Binyamin Netanyahu
Binyamin Netanyahu Alex Kolomoisky/POOL

With coalition negotiations with United Torah Judaism in their final stages, and Shas and Kulanu not far behind, Prime Minister Binyamin Netanyahu may be on the verge of forming his fourth Likud-led government. 

Netanyahu and Kulanu Chairman Moshe Kahlon met for three hours on Sunday night, bringing Likud and Kulanu "closer" to a coalition deal, sources said. 

According to sources, all core issues were dealt with and no major differences between the two parties remain, Channel Two reported. Kulanu will receive the finance and housing portfolios, but will forego the chairmanship of the Finance Committee. 

One lingering problem is that of the leadership of the Interior Ministry's Planning Committee which both Shas chair Aryeh Deri and Kahlon have been vying for for their parties. 

Deri may agree to give this position to a Kulanu MK, for which he is likely to be rewarded with a deputy minister's position in the Treasury, Likud sources said. Sources close to the Kulanu talks agreed that the problem was a minor one and a solution was available.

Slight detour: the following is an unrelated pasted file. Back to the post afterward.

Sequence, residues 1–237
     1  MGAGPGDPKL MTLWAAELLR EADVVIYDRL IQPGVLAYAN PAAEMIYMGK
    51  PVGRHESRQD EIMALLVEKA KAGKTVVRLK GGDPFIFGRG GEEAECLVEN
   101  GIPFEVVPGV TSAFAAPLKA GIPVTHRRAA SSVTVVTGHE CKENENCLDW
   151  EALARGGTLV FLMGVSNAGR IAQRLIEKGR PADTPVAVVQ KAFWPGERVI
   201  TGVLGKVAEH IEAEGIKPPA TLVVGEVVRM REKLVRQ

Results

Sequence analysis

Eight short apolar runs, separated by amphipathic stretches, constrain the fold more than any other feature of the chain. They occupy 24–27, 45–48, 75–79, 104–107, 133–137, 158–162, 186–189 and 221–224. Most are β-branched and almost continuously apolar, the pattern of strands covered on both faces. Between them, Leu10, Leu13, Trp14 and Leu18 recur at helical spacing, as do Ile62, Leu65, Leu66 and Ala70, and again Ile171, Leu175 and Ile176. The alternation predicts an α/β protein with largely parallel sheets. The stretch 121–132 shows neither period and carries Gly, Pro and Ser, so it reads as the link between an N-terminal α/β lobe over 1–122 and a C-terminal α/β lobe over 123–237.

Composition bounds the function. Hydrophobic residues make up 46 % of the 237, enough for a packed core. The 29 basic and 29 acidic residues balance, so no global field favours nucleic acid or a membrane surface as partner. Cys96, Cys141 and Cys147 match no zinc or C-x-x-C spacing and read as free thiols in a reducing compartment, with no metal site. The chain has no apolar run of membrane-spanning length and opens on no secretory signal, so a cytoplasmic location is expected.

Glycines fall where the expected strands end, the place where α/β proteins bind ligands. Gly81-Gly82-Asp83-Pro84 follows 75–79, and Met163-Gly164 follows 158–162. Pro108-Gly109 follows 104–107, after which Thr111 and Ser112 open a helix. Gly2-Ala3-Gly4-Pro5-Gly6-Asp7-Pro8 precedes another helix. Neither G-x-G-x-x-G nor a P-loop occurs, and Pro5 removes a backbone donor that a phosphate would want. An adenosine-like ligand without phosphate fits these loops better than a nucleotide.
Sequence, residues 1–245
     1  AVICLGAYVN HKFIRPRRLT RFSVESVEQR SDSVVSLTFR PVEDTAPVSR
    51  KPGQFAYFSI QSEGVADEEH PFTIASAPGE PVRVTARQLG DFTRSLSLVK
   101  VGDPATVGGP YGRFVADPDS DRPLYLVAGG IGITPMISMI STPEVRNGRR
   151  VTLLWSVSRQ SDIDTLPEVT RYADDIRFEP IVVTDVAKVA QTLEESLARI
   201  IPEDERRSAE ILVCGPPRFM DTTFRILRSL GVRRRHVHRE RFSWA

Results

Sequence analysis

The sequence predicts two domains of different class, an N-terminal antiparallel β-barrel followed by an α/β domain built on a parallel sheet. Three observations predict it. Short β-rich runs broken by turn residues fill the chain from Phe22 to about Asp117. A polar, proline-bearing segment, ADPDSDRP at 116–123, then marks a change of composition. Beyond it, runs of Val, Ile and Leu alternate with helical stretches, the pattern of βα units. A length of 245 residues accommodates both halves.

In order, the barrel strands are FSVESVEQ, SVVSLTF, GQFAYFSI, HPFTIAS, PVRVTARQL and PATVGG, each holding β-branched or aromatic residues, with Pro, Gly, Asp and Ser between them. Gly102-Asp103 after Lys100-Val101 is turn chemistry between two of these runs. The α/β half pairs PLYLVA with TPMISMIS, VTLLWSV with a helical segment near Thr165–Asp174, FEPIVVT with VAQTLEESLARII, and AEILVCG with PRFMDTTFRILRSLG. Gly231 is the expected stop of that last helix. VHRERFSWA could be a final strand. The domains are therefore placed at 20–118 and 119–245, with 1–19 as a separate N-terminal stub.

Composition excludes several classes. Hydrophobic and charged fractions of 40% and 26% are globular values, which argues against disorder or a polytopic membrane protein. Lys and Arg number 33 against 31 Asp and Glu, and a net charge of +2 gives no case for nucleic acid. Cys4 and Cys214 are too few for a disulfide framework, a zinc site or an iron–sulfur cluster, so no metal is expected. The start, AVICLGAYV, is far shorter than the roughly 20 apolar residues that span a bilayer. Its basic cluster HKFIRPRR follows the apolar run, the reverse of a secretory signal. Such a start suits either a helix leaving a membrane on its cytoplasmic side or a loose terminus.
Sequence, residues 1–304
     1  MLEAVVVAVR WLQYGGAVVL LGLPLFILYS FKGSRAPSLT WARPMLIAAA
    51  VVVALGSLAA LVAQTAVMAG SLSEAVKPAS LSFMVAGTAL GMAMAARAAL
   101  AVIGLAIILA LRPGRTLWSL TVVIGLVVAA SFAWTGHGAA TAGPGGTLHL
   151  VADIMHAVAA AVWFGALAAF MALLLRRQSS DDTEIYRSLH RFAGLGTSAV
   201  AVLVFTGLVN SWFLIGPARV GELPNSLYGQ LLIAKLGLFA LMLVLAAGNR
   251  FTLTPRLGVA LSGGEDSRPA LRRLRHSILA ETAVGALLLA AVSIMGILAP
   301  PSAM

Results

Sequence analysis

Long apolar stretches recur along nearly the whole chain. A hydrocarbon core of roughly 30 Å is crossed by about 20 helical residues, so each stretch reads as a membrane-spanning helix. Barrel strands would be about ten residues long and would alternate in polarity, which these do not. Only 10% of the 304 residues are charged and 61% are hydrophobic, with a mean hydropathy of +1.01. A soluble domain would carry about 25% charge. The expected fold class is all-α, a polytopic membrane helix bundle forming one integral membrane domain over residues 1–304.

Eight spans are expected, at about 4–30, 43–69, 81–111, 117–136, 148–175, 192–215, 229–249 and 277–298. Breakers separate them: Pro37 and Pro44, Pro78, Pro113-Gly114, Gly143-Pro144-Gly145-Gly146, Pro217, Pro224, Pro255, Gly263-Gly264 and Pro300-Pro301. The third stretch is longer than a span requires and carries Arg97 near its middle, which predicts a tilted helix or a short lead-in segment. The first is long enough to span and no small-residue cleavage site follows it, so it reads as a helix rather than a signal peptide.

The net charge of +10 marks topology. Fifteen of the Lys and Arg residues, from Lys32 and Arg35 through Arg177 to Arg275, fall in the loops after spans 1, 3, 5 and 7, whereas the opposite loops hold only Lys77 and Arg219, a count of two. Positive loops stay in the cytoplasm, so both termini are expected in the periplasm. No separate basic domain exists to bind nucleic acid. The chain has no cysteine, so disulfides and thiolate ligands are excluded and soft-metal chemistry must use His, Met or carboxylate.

If Netanyahu manages to bridge the dispute between Shas and Kulanu, which appears extremely likely, an emerging coalition of 53 MKs will be had within days. 

Upon reaching 53 MKs with Kulanu, Shas and UTJ, Netanyahu will be left with several options to round out his government with the necessary 61 members. 

The first choice is keep the foreign affairs portfolio with Yisrael Beytenu head Avigdor Liberman, which would increase the coalition number to 59 MKs.

From there either Jewish Home would have to compromise by accepting a mid-level portfolio for Chairman Naftali Bennett, or, if they object, Likud could then turn to Labor for a unity government. 

Alternatively, Netanyahu can come to an agreement with Jewish Home, giving Bennett a top portfolio, and bringing the coalition total to a good 61 MKs. Liberman could then either go along with less senior positions or choose to sit in the opposition.